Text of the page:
But enough about Lamar! What about the other Republicans who've run for nominations and lost? Bernstein is right that some have come away with absolutely nothing to show for it; but hey, that happens. (In fact, some clearly lost stature by running -- Al Haig, who took his helmet out of the ring after registering 0 percent in Iowa in 1988, comes to mind. So does Bob Dornan, who ended his campaign literally begging a roomful of New Hampshire activists to help him reach 1 percent in the state's primary (he didn’t get there -- and he then lost his House seat in California a few months later to Loretta Sanchez, arguably because he'd embarrassed himself with his presidential campaign.)
But others did reap a clear benefit, like:
* Pat Buchanan: He was a former Nixon aide and Reagan speechwriter who had been co-hosting a moderately successful cable news show ("Crossfire") when he launched a hopeless challenge to George H.W. Bush in the 1992 GOP primaries. He went on to fare better than anyone expected in the New Hampshire primary (losing 53 to 37 percent to Bush -- although the exit polls and early returns that framed the television network's coverage of the primary showed a much tighter race), and was hailed by the press as a giant killer in its aftermath. (Remember this picture of Buchanan celebrating with his supporters?)
He never won a single primary or caucus in '92 and collected only a scattering of delegates, but Buchanan walked away from the race with actual credibility as a national politician -- credibility he rolled into a '96 race that saw him score early wins in Alaska and Louisiana, followed by a near-miss in Iowa and a shocking victory in New Hampshire. At that point, a panicked GOP turned on him and embraced Dole, crushing Buchanan's nomination hopes. But for a few weeks in '96, Buchanan was the biggest fish in American politics; I doubt he'd say he got nothing out of his '92 bid.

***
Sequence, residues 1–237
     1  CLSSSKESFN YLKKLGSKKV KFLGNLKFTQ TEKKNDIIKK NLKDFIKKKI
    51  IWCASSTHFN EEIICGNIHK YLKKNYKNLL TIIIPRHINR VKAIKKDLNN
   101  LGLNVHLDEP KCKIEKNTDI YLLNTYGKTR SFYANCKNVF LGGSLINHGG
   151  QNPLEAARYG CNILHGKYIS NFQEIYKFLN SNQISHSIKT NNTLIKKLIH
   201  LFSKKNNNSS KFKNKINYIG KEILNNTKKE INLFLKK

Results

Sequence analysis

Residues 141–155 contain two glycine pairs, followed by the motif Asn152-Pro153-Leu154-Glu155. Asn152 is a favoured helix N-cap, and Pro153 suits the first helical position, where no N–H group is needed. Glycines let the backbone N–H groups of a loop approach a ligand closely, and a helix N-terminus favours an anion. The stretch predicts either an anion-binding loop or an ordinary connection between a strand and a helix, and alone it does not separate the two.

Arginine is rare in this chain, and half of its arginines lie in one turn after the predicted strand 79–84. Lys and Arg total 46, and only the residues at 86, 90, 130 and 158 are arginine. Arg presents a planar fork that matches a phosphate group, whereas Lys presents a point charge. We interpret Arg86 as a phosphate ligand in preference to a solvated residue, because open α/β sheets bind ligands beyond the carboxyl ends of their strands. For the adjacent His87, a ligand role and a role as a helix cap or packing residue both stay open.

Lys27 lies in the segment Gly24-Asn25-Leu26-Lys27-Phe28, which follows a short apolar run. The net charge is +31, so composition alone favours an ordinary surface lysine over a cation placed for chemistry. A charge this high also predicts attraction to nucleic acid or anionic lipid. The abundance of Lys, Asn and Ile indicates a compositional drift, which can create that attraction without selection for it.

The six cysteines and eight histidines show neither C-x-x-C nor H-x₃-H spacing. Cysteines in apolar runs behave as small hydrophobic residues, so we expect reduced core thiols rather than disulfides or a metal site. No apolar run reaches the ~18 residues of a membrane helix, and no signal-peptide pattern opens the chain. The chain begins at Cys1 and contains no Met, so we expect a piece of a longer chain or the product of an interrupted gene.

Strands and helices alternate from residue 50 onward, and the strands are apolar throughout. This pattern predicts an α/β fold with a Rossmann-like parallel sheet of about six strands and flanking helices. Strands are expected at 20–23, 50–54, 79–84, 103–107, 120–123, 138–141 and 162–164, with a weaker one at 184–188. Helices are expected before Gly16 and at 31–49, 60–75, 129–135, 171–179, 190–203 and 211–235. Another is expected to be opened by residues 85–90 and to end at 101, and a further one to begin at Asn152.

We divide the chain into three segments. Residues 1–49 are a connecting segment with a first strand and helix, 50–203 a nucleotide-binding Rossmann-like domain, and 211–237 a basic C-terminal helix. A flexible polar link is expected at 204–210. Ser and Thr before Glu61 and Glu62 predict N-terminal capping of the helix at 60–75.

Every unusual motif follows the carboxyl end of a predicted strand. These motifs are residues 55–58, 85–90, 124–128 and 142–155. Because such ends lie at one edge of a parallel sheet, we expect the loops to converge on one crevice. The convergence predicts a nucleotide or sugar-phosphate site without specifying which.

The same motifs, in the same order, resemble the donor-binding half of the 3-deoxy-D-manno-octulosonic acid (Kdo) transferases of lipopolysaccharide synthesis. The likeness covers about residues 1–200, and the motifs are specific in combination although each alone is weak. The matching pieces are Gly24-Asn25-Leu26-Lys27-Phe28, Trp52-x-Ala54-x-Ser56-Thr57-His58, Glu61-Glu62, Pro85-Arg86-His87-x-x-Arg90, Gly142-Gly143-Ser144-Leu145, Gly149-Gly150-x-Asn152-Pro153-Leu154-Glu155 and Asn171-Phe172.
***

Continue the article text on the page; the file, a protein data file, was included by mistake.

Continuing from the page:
* Steve Forbes: Forbes was a late entry into the '96 race, announcing his bid in the fall of 1995. No one paid much attention at first, but when he blanketed the Boston and New Hampshire airwaves with television ads and pulled into first place in the Granite State, the whole political world took notice. Those numbers receded by primary day, but he managed to score wins after New Hampshire in Delaware and Arizona, giving Dole one final post-Granite State scare. Forbes tried again in 2000, but like Alexander, he was suffocated by Bush's machine. Still, for a geeky magazine publisher who dreamed of being a political somebody (and who had a boatload of cash to burn), Forbes derived undeniable value from his '96 campaign.
* Pat Robertson: When he launched his 1988 campaign, he was a loony televangelist most famous for claiming to have saved New York City from Hurricane Gloria with prayer. When he ended his campaign, he was a loony televangelist most famous for outpolling the vice president of the United States in the Iowa caucuses, finishing second only to Bob Dole. The campaign allowed Robertson to supplant Jerry Falwell, who a decade earlier had created the Moral Majority, as the face of religious conservatism in America. And in defeat, he channeled his surprising grass-roots support into the Christian Coalition, which for a time in the 1990s was one of the most important components of the Republican coalition. Robertson was a very big man in Republican politics in the late '80s and early '90s -- and his presidential campaign had a lot to do with it.
* Ronald Reagan: OK, technically 1976 was his second stab at the GOP nomination (he tried to grab the 1968 nod at the convention), but his campaign against Gerald Ford in the Republican primaries was Reagan's first full-fledged effort. It started horribly; a loss to Ford in New Hampshire triggered a string of early defeats, and Reagan quickly found himself far behind in the delegates and running out of cash. Against the odds -- and with the tireless help of Jesse Helms and his political operation -- Reagan prevailed in what amounted to a do-or-die test in North Carolina, kicking off a late series of primary victories that brought him to the Kansas City convention nearly even in the delegate count. Ford ultimately staved him off, but by finishing so strongly and coming so close, Reagan entered the '80 campaign as the overwhelming front-runner. (Bernstein writes that Reagan was the obvious '80 candidate because he had been "the clear leader of the dominant faction of the party for over a decade." This is true enough, but what if Reagan had lost North Carolina and dropped out of the '76 race early? His campaign, which had opened with enormous expectations, would have been widely judged a failure and I'm not sure he would have been able to hold his coalition together between '76 and '80 nearly so easily.)